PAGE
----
¾ Space Lattice / Lattice: Periodic arrangement of points in space with respect to three dimensional network of lines

¾ Each atom in lattice when replaced by a point is called Lattice Point, which are the intersections of above network of lines

¾ Arrangement of such points in 3-D space is called Lattice Array and 3-D space is called Lattice Space

¾ Tiny block formed by arrangement of small group of atoms is called Unit Cell. It is chosen to represent the symmetry of crystal structure, and may be defined as:

ƒ Finite representation of infinite lattice

ƒ Small repeat entity

ƒ Basic structural unit

ƒ Building block of crystal structure

ƒ Can generate entire crystal by translation

Lattice Parameters

¾ Six lattice parameters a, b, c,

α

,

β

,

γ

¾ Typically in the order of few Angstroms (few tenths of nanometer)

¾ Example: Cubic structure has following lattice parameters:

a = b = c and

α = β = γ = 90 o

Types of Crystal

Cubic, Monoclinic, Triclinic, Tetragonal, Orthorhombic, Rhombohedral and Hexagonal

No.

Crystal Type Lattice Parameters

1.

Cubic

2.

Tetragonal

3.

Orthorhombic

4.

Rhombohedral

5.

Hexagonal

6.

Monoclinic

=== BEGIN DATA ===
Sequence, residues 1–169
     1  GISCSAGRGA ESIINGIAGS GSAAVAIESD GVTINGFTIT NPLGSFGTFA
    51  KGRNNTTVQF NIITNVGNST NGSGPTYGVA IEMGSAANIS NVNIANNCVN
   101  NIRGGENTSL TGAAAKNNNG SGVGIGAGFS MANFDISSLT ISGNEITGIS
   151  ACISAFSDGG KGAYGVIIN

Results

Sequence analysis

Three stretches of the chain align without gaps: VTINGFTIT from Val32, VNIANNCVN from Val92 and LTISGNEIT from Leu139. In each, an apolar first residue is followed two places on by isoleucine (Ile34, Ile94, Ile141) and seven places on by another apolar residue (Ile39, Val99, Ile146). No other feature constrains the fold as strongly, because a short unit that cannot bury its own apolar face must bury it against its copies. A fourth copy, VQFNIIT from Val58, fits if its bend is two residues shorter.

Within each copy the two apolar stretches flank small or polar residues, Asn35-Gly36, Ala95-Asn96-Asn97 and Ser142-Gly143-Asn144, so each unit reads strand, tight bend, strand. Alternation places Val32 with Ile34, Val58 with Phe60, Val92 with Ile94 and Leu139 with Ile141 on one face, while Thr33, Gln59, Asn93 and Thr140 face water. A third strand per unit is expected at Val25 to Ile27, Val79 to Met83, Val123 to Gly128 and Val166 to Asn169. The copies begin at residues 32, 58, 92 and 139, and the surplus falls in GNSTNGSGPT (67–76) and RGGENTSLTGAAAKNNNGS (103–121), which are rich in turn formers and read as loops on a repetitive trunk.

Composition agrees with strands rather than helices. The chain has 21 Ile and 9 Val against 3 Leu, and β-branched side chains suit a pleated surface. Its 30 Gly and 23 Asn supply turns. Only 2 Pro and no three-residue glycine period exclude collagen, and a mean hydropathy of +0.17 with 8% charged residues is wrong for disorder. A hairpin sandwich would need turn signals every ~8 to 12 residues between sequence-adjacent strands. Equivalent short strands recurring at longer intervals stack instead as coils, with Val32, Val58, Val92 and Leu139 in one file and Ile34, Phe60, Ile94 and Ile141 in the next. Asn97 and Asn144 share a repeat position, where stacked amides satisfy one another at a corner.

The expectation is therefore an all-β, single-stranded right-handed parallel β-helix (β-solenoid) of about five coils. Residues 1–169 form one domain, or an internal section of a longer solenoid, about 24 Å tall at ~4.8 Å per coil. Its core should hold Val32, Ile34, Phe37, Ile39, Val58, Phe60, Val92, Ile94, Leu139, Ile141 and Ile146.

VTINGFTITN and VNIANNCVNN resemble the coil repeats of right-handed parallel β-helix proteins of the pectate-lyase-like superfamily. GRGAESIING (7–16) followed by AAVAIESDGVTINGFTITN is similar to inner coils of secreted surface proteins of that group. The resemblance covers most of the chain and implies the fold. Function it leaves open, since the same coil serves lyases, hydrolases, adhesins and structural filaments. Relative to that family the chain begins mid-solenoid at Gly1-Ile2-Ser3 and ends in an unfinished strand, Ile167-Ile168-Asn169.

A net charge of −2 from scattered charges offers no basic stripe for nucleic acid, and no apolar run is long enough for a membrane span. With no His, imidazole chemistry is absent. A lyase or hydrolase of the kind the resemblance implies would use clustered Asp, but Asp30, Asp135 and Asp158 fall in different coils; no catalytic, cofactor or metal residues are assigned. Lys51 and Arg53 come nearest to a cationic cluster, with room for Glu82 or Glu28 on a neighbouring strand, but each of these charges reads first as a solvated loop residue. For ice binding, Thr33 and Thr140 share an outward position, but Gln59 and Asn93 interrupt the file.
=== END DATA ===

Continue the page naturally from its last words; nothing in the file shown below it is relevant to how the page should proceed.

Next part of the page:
7.

Triclinic a = b = c,

α = β = γ = 90

o a = b ≠ c,

α = γ = 90

o

=

β

a ≠ b ≠ c,

α = γ = β = 90

o a = b = c,

α = β = γ ≠ 90

o a = b ≠ c,

α = β = 90

o

,

γ = 120

o a ≠ b ≠ c,

α = γ = 90

o

β

a ≠ b ≠ c,

αγβ ≠ 90

o

Principal Metal Crystal Structures

¾ Simple Cubic Lattice Structure

¾ Body Centered Cubic (BCC) Structure

Fluorite, Garnet, Pyrite

Zircon

Topaz

Tourmaline

Corundum

Kunzite

Amazonite

Examples

¾ Face Centered Cubic (FCC) Structure

Simple Cubic Lattice

¾ Most elementary crystal structure with three mutually perpendicular axes arbitrarily placed through one of the corners of a cell

¾ Each corners occupied with one atom

¾ Example: alpha polonium

SC Structure 

(i). Aggregate of atoms  (ii). Hard Sphere Unit Cell 

Body Centered Cubic (BCC) Structure

¾ BCC cell has an atom at each corner and another atom at body center of cube

¾ Each atom at corner is surrounded by eight adjacent atoms

¾ Example: alpha iron, chromium, molybdenum & tungsten